[iris-talk] Re: Garden Magazines; 'Carolina Gardener'; "Dumbing down"
- To: firstname.lastname@example.org
- Subject: [iris-talk] Re: Garden Magazines; 'Carolina Gardener'; "Dumbing down"
- From: "R. Dennis Hager" <email@example.com>
- Date: Wed, 09 Sep 1998 07:37:34 -0400
From: "R. Dennis Hager" <firstname.lastname@example.org>
> Anyone have any other suggestions for garden magazines with substance? And
> Anner, perhaps you could tell us how to subscribe to Gardens Illustrated.
Anner convinced me to subscribe to 'Gardens Illustrated' and I am glad I
did. Her list omits one of my favorites. 'Carolina Gardener' is a
regional magazine that is growing--and for good reason. Their focus is
on the gardens and problems of gardening in the Carolinas, an area that
goes from Zone 6 to Zone 8, with soil types from heavy red clay to light
sandy soil. The articles apply to much of the southeast and the
mid-Atlantic area. By focusing on the Carolinas, I am almost guaranteed
to find several articles of interest. Additionally, they frequently to
feature stories on plantsmen and nurseries. They also give specialty
nurseries a lot of press. On the downside, many of the articles are
"dumbed down" and it is thin, usually around 48 pages.
Having only about 25 years of gardening magazines lying around me, I too
have been frustrated with the "dumbing down" that seems to have
occurred, but I don't think it is the publisher's fault. Excuse me if I
state the obvious, but there are many other factors to be considered in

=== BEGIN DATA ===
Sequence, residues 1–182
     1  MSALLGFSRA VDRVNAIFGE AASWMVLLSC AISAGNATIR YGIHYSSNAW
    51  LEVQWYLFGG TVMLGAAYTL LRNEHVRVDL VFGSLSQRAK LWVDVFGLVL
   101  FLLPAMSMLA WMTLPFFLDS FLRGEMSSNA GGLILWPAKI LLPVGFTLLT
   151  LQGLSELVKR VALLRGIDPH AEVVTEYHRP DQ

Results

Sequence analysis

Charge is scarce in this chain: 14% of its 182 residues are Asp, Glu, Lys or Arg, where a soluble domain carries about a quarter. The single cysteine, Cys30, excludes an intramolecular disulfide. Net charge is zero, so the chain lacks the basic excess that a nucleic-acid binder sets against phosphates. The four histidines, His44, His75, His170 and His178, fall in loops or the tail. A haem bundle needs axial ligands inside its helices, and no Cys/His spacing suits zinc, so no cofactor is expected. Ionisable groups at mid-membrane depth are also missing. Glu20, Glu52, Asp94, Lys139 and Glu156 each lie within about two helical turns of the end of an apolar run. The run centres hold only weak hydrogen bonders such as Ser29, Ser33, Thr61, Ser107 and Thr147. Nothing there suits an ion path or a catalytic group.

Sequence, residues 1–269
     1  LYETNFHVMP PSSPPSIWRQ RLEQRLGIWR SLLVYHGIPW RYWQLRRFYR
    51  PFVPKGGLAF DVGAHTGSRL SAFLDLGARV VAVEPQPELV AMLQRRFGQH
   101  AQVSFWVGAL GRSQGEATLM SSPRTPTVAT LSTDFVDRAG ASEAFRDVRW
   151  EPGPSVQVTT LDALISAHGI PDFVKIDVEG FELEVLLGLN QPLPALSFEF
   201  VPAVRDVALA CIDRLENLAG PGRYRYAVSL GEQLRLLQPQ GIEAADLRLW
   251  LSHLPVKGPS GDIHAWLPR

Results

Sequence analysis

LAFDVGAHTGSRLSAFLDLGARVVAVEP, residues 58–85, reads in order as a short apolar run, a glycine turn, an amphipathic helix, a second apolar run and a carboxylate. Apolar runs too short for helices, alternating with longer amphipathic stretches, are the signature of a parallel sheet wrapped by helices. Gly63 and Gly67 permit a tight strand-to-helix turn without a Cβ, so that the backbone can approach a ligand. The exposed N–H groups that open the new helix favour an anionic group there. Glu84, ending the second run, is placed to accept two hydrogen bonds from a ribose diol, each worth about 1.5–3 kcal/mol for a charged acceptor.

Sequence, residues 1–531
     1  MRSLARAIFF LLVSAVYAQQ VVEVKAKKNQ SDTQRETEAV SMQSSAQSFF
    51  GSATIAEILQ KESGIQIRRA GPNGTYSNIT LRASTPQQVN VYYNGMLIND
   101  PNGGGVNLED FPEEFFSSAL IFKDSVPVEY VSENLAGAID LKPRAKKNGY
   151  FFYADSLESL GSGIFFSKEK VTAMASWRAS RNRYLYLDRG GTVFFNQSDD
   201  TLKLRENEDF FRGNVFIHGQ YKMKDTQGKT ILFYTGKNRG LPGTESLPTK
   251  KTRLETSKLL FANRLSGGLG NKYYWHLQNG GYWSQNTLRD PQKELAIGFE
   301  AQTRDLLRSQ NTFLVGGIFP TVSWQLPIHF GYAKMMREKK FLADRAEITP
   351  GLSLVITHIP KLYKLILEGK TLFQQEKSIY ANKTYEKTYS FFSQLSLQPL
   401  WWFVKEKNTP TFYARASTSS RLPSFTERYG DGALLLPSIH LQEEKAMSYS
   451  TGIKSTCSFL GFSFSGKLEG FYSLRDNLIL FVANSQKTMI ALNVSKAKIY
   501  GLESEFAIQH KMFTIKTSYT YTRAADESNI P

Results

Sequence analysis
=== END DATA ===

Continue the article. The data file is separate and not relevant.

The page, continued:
this phenomenon. Interest in gardening has grown and providing
information for beginning gardeners is a tough task--ask any retail
nurseryman. That's what garden magazines do.
As an avid reader of gardening magazines, I have learned a lot over the
years. The information provided in such publications is NOT intended to
be the last word on ANY subject. Magazines provide miscellaneous
information and are for casual readers and to stimulate ones interests,
so that when that interest is piqued, that person can delve deeper in
the subject. IMO, GOOD magazines point you in the direction to do just
that. Plant societies, authoritative texts and seminars provide the
"smarts" that are missing from magazines. I find it hard to believe that
a general publication magazine can easily provide the meaty information
that advanced gardeners need/want/expect and still maintain the broad
appeal that they need to survive.
Clarence Mahan's daughter once observed that her father was "in too
deep" when it came to irises. Now, gentlepeople, I would suggest to you
that that assessment probably applies to most of us--especially if
magazines fail to provide the information we need. "In too deep" is not
such a bad place to be.
R. Dennis Hager
"in to deep" on Delmarva
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